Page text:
Tamara Dzgoeva
Tamara Dzgoeva
Workforce Transformation Director, Mercer

 

Few employees and managers relish the performance management process. All too often it is perceived as time-consuming, frustrating and a tedious administrative burden for everyone involved.

 

With all the advancement in technology and our understanding of organisational psychology, the success of the PM process still rests on the quality of relationship between employees and their managers. That makes leadership skills crucial in delivering on this key driver of organisational success, whether it involves highlighting individuals’ strengths and weaknesses at work, pinpointing opportunities for career development, or providing opportunity to align remuneration policy and practice appropriately to employees’ capability, effort and output.

 

The key to selling the value of the performance management process is the core belief by managers and executives that it is as useful for the employee as it is for the organisation - that better alignment of individual capability, effort and output to organisational success provides shared benefits for all stakeholders.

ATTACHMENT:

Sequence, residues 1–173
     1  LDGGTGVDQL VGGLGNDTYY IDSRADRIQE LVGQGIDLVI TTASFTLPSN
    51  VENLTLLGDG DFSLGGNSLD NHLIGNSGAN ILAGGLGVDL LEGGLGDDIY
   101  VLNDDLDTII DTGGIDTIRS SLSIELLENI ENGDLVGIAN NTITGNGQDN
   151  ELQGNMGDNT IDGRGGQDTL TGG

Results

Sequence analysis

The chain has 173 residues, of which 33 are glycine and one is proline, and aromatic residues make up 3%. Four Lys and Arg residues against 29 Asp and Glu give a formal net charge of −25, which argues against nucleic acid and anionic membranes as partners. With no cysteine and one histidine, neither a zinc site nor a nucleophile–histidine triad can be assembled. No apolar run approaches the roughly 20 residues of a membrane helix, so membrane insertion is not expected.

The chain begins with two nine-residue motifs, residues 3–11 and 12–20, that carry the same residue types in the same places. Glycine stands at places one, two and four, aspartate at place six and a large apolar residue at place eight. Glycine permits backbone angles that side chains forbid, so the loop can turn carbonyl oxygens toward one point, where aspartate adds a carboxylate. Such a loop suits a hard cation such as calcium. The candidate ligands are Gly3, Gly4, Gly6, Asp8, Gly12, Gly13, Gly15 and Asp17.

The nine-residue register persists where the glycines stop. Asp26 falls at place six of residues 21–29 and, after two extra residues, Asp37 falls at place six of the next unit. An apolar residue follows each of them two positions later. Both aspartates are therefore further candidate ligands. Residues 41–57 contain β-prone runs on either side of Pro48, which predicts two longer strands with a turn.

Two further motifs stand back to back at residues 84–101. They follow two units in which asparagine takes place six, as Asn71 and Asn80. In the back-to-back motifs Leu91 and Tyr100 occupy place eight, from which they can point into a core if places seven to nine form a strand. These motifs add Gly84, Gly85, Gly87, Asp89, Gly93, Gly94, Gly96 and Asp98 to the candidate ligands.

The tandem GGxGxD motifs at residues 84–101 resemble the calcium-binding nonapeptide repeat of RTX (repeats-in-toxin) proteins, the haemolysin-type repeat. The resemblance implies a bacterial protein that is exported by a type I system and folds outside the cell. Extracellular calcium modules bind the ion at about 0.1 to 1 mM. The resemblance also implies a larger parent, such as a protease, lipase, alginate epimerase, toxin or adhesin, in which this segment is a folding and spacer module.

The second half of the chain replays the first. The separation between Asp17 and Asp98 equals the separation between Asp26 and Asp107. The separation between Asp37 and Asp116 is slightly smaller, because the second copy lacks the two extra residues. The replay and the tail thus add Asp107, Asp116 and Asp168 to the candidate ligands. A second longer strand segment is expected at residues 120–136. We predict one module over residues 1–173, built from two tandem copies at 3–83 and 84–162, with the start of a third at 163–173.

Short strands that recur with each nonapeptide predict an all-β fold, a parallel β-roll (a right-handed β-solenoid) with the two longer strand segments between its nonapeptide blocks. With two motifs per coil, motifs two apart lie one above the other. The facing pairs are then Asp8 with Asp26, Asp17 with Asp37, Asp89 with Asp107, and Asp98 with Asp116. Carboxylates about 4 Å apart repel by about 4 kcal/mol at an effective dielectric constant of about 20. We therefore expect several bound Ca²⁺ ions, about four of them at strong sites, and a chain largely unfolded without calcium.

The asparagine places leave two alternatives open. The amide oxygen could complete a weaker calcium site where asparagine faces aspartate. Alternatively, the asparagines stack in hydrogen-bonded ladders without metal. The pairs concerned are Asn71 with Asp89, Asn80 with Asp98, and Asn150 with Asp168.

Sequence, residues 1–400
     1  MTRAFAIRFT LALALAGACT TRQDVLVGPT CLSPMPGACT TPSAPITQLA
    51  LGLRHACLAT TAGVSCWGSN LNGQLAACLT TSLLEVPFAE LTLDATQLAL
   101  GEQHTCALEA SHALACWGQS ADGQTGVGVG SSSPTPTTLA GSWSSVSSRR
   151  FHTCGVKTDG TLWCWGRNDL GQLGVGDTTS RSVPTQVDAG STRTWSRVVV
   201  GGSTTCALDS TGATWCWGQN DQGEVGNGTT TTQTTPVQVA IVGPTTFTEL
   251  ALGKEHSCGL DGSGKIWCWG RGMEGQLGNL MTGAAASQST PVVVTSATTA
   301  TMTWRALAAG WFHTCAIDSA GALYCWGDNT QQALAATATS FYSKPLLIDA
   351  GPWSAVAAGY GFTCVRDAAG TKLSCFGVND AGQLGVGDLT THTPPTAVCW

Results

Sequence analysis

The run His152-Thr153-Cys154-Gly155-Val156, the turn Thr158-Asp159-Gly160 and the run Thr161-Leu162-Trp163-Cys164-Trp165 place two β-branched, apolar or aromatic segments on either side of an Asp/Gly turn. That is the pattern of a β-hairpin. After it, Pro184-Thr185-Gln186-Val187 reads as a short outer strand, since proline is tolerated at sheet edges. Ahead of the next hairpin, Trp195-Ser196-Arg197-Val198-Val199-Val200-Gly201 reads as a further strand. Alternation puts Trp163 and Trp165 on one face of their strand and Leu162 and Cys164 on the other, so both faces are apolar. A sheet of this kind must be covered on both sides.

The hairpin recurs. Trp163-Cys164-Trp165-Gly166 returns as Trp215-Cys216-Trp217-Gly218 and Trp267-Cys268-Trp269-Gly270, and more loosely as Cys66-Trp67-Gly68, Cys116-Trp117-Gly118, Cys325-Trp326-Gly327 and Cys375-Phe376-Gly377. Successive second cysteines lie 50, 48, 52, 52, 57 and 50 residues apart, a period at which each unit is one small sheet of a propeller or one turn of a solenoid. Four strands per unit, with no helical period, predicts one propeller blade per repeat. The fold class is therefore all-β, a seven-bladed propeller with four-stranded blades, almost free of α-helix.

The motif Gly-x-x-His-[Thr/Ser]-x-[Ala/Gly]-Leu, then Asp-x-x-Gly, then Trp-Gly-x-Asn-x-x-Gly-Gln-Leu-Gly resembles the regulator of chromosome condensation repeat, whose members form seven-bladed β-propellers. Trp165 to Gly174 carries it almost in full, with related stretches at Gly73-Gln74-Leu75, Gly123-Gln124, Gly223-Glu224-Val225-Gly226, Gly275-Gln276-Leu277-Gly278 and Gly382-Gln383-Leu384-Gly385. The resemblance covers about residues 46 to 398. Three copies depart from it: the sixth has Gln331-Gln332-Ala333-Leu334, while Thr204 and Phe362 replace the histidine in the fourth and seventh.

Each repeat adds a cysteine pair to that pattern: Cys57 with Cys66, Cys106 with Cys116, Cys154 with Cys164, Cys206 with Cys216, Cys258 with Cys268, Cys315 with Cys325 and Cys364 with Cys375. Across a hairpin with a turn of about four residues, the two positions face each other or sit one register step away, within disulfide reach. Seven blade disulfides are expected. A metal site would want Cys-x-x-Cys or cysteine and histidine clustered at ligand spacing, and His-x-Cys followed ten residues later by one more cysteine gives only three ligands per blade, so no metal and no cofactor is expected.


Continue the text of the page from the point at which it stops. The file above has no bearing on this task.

So, returning to first principles, what should HR and managers consider to overcome the tough challenge of rethinking and repackaging the process?

 

1. Ownership

The bottom line is that personal and career development is the responsibility of each individual employee: they need to feel ownership both process and of their performance goals, and not feel as though they are being judged or penalised, i.e., “performance managed.”

 

However, it is the manager’s job to get that message across loud and clear, and then - crucially – to keep it alive by taking an active interest in each team member’s progress towards their goals.

 

There really is no such thing as two-way “over”-communication when it comes to empowering employees to own their work experience: if managers don’t follow up regularly and ask meaningful questions, individuals will switch off from the whole performance issue and focus on their “real work,” i.e., the work they most like doing at which they are most proficient.